Whaling, Postcapitalism, Brussels, Randall Munroe, Philosophy, India

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Nantucket: Whaling Capital Of The World

Nathaniel Philbrick | Smithsonian | 19th November 2015

Nantucket settlers turned to whaling in the early 18C, exterminated local whales within thirty years, then grew rich by building factory ships which could stay at sea for two or three years at a time, butchering whales and turning blubber into oil. "There was a savagery about the island, a blood lust and pride that bound every mother, father and child in a clannish commitment to the hunt" (4,870 words)


Paul Mason | London School Of Economics | 18th November 2015

Lecture. Not coherent, but full of interesting thoughts. The price mechanism is collapsing because the marginal cost of digital production is close to zero. The distinction between labour and leisure is collapsing, as the focus of economic activity shifts from the organisation to the individual. Corporations require patents and monopolies to keep plentiful products scarce: How long can that last? (4,350 words)

Belgium Is A Failed State

Tim King | Politico | 19th November 2015

The no-go areas of Molenbeek are geographically tiny — a few blocks of a small part of a medium-sized city. They persist and worsen because the Belgian state is breaking down. The dominant political system of clientelism is permanently fractured by deep linguistic and regional divides. There is almost no functioning national government, only local interests. "The rest of Europe must pay a price for Belgium’s failures" (2,875 words)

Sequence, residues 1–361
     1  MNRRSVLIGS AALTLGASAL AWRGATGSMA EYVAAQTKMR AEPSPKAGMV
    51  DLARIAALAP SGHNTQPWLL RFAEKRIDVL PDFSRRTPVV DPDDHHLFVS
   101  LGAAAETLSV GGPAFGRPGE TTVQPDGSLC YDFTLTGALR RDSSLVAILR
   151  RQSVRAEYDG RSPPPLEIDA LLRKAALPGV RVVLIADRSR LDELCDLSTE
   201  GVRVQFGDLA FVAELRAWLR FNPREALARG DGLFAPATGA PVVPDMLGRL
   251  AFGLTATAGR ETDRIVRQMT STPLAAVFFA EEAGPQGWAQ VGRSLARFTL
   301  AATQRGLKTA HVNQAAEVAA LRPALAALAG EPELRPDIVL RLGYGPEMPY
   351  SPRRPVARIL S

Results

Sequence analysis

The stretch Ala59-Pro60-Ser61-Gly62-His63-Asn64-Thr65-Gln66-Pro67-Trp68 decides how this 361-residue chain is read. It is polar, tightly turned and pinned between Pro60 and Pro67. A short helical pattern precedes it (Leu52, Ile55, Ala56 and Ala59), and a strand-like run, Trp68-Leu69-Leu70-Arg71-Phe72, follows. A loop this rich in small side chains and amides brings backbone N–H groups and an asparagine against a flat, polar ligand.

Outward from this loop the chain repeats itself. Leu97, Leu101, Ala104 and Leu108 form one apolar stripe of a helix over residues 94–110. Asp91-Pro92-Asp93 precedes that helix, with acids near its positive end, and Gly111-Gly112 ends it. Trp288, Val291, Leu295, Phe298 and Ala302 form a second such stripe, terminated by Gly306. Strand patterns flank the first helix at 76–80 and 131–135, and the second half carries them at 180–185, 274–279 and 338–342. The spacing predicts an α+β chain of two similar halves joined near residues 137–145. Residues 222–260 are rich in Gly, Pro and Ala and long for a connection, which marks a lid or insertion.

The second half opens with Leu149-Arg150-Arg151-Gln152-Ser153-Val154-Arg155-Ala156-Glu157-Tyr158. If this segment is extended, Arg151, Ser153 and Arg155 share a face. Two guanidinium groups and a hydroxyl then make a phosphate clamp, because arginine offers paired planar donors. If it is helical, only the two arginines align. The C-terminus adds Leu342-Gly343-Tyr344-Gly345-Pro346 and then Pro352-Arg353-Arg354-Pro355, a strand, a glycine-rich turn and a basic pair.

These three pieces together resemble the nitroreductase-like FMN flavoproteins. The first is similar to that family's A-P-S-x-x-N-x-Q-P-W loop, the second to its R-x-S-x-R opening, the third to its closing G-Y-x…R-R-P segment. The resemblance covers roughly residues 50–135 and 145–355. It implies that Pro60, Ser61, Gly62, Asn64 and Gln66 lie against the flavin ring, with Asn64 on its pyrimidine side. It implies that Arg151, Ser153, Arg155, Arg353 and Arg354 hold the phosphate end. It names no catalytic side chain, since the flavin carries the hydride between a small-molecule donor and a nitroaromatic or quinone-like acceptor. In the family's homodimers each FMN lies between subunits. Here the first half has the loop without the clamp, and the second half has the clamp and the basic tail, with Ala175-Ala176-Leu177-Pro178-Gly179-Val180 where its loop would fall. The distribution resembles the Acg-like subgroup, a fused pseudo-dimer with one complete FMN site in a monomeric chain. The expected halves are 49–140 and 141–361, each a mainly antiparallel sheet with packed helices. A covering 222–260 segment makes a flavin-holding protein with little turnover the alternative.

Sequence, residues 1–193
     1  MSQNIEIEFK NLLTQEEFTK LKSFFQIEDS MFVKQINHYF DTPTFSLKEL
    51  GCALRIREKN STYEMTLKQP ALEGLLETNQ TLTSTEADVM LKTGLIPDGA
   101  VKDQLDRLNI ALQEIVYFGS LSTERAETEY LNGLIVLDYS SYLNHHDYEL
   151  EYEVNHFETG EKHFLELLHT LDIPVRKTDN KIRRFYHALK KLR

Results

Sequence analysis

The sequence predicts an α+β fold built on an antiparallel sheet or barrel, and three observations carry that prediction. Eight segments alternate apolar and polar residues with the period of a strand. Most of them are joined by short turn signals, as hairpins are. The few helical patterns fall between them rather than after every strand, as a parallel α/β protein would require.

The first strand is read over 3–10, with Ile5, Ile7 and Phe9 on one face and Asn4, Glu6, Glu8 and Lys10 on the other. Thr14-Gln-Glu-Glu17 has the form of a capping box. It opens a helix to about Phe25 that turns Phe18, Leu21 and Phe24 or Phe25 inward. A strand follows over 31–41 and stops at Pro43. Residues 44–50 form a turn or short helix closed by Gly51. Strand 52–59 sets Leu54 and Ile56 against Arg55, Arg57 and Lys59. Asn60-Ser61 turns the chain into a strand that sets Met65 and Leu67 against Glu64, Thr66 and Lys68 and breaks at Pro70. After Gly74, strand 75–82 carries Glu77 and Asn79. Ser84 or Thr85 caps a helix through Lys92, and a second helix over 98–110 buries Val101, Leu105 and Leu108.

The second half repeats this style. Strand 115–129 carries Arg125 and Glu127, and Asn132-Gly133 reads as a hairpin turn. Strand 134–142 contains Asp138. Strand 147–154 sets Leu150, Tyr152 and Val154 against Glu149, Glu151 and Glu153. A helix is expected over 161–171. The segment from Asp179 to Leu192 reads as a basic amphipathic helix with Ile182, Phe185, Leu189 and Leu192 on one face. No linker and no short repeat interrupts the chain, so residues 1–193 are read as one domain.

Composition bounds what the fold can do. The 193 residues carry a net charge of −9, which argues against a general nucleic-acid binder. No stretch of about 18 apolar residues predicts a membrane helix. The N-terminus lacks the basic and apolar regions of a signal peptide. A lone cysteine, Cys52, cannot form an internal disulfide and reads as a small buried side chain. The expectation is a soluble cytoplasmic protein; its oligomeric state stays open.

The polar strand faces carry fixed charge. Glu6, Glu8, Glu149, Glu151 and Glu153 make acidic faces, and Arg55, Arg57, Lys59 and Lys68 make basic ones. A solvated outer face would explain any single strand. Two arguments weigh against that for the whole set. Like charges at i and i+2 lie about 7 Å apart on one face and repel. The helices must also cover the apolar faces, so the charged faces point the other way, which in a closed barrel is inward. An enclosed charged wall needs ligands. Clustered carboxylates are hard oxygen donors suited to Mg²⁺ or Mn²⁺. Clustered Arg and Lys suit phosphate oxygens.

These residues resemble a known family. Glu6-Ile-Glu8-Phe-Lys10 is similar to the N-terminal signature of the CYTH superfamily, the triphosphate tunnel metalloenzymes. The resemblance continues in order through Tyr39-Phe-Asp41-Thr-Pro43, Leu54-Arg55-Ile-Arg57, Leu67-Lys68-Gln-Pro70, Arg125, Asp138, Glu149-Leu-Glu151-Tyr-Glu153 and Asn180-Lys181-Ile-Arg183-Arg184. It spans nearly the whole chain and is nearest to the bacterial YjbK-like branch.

The Space Doctor’s Big Idea

Randall Munroe | New Yorker | 18th November 2015

Special and general relativity explained in simple language, by the creator of XKCD. "The first idea is called the special idea, because it covers only a few special parts of space and time. The other one — the big idea — covers all the stuff that is left out by the special idea. The big idea is a lot harder to understand than the special one. You have to know a lot about numbers to do anything with the big idea" (Metered Paywall) (2,100 words)

Introductions To Philosophy

Nigel Warburton | Five Books | 11th September 2012

Interview. Philosopher recommends five books for general readers wanting to develop their knowledge of philosophy. The list includes works by Peter Singer, Thomas Sandel, Jonathan Glover and Bernard Suits. But start with Thomas Nagel's What Does It All Mean? "It's very, very short. It’s written in prose that is completely unpretentious, unpatronising, and clear. It’s the kind of book you could read in an evening" (3,600 words)

Driving In Greater Noida

Deepti Kapoor | Granta | 23rd February 2015

On the birth pangs of a new Indian city, Greater Noida, thirty miles from Delhi. It is "a paranoid, fractured land", planned as an industrial estate, but soon swamped by residents moving From the capital. Farmers were bought out, high-rises built. "I remember bare walls, scaffolding, hats, cranes, JCBs, labourers, stray dogs, stray children, barbed wire and an incredible number of birds" (12,400 words)

Video of the day: Snowtime

What to expect: A microscopic time-lapse of snowflakes (2’02”)

Thought for the day

Old men are dangerous: it doesn’t matter to them what is going to happen to the world
George Bernard Shaw

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